Return migration and entrepreneurship in Morocco

Return migration and entrepreneurship in Morocco

This paper contributes to a rapidly growing literature concerned with the potentially substantial implications of international migration for economic development in developing countries. The paper uses a sample of return Moroccan migrants in 2003-04 to explore the pattern of return migration and entrepreneurial activities of return migrants, focusing particularly on the determinants of entrepreneurial behaviour among return migrants in Morocco.

The document indicates that Moroccans are the second largest non-EU immigrant group living in the Europe. In this context, the Moroccan government, in order to manage unemployment levels and attract the maximum financial resources into the national economy through remittances, has actively facilitated Moroccan migration.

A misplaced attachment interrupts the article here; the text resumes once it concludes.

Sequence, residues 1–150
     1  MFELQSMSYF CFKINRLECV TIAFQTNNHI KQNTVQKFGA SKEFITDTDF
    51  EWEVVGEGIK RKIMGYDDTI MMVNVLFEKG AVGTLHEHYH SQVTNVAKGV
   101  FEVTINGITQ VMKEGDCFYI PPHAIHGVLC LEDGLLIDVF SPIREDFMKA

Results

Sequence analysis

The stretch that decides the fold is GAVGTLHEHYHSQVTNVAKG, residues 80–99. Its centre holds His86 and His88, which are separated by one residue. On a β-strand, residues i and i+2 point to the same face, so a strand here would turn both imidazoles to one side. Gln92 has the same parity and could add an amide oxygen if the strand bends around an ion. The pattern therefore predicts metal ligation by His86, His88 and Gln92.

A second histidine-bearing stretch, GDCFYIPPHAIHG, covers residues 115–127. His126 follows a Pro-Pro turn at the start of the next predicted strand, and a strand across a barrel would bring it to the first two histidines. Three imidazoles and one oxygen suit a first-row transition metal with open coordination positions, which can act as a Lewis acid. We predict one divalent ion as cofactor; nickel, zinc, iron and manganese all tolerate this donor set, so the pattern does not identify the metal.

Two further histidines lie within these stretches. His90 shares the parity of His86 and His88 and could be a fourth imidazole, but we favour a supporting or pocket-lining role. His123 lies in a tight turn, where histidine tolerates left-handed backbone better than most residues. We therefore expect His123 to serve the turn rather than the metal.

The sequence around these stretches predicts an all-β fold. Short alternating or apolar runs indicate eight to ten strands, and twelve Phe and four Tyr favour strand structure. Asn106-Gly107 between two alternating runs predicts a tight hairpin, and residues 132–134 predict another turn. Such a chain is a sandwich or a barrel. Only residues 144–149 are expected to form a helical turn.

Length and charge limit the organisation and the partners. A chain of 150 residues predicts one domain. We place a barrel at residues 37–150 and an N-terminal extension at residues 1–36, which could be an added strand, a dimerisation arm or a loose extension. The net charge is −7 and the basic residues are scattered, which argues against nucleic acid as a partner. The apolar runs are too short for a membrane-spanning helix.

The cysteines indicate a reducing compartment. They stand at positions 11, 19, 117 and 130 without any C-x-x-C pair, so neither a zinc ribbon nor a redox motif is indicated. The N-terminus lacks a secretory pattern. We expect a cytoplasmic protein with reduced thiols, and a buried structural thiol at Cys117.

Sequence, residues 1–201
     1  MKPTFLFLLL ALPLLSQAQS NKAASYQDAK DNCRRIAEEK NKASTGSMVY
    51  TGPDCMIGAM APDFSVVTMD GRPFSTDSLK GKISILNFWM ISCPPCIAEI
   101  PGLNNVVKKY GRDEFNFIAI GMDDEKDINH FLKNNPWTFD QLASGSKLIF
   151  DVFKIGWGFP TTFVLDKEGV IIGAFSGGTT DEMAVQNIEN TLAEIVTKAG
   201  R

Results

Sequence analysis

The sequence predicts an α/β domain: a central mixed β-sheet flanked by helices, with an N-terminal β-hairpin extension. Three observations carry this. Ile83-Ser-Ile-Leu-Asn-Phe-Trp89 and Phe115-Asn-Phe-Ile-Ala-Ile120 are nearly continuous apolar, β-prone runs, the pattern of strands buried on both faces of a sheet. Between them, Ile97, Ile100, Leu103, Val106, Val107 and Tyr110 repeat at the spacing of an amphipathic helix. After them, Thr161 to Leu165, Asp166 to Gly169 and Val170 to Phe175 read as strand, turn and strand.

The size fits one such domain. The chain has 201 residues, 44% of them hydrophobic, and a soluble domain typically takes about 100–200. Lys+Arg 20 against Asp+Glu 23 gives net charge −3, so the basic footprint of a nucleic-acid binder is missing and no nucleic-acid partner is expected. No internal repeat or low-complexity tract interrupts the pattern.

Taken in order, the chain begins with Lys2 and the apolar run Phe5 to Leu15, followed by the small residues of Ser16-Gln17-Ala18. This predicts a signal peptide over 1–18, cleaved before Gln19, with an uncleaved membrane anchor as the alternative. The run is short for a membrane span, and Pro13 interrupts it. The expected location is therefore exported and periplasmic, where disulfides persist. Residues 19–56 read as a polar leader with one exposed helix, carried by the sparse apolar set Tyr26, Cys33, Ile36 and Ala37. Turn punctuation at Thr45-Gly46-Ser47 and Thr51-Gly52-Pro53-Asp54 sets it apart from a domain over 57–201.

The findings suggest that individual characteristics, conditions before migration and the overseas migration experiences play a significant role beyond the role played by savings and captured by migration duration. However, the authors point that failing to control for the impact of migration duration would reduce the probability of investment amongst returnees. Identically, ignoring the impact of overseas investment would overestimate it.

All things considered, the paper highlights that the findings support the view that return migration can play a useful role in the development process through investment and mobilising the savings and skills of migrants.